State shifts add more budget challenges
Even as Independent School District 196 is looking at making more than $15 million in budget cuts for next year a decision by the state to delay some aid payments could make things even more complicated.
The Minnesota Management and Budget department on Tuesday told schools the state will delay $423 million of payments to them this year so the state can pay its bills.
The missed payments are to be made up by the end of May, but some school leaders say they may have to take out short-term loans.
That includes ISD 196. Finance director Jeff Solomon said the district could be forced to borrow as soon as April to make up for the state's shift. Solomon said two weeks ago such borrowing might be necessary down the road, but the state's decision has made the need more immediate.
The size of delays is based on a formula in state law that makes bigger cuts for districts with larger fund balances. Some districts will continue to get their normal payments if they carry a small balance.
Solomon expects the delay to involve about $25 million for ISD 196.
231 districts' payments will be delayed out of 341 districts. Charter schools are not affected.
State attorneys say the law requires the administration to delay school payments before it can borrow from outside sources.
There was no immediate comment from the Pawlenty administration, but school leaders were not happy.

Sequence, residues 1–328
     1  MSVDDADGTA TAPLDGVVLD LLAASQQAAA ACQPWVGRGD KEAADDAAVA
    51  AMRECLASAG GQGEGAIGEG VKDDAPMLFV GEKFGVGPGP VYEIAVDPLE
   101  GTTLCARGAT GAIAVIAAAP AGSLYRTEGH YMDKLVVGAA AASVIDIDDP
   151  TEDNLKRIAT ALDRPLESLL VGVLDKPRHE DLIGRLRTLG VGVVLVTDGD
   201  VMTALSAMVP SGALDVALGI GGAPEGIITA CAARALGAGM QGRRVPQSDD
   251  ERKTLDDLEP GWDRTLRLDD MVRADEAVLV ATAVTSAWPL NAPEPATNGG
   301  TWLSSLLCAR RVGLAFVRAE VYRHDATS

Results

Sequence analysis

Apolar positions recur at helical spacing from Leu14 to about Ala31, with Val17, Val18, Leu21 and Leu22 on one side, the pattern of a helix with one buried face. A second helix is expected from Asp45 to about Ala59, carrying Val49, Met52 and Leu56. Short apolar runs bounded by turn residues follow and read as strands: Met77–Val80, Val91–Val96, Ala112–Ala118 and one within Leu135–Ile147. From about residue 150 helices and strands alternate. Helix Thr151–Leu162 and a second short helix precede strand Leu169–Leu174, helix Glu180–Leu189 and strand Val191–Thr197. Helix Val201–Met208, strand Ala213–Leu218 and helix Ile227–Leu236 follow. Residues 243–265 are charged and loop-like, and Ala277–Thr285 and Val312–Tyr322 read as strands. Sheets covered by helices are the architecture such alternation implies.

"Districts were really dumbfounded," said Grace Kelliher of the Minnesota School Boards Association.
While the law was passed to allow the state to borrow from districts with money in the bank, Kelliher said in many cases that money is committed.
Solomon described the impact as weakening the district's ability to balance its checkbook. ISD 196 entered this year with a $40 million balance in its general fund. That money is there to help cover unexpected expenses.
"That sounds like a huge mount of money, but in relation to our budget it's not," Solomon said.
That $40 million would cover about five weeks of the district's expenses.
The delayed payments were to be made on March 15, March 30 and April 15. State law requires the money to be repaid by the fiscal year's end, which is June 30, but Gov. Tim Pawlenty has said he wants to pay districts back by May 30.
Schools that have to take money out of savings because of the payment delays may face penalties and will lose interest income, Kelliher said. The state will not pay interest when it repays districts.
The law requiring the school payment delays has not been used since it was passed nearly 40 years ago.
The latest payment delay comes on top of an overall delay enacted last summer when Pawlenty balanced a $2.7 billion budget deficit. Of his solution, $1.8 billion was school payment delays.
Town Pages editor Nathan Hansen contributed to this story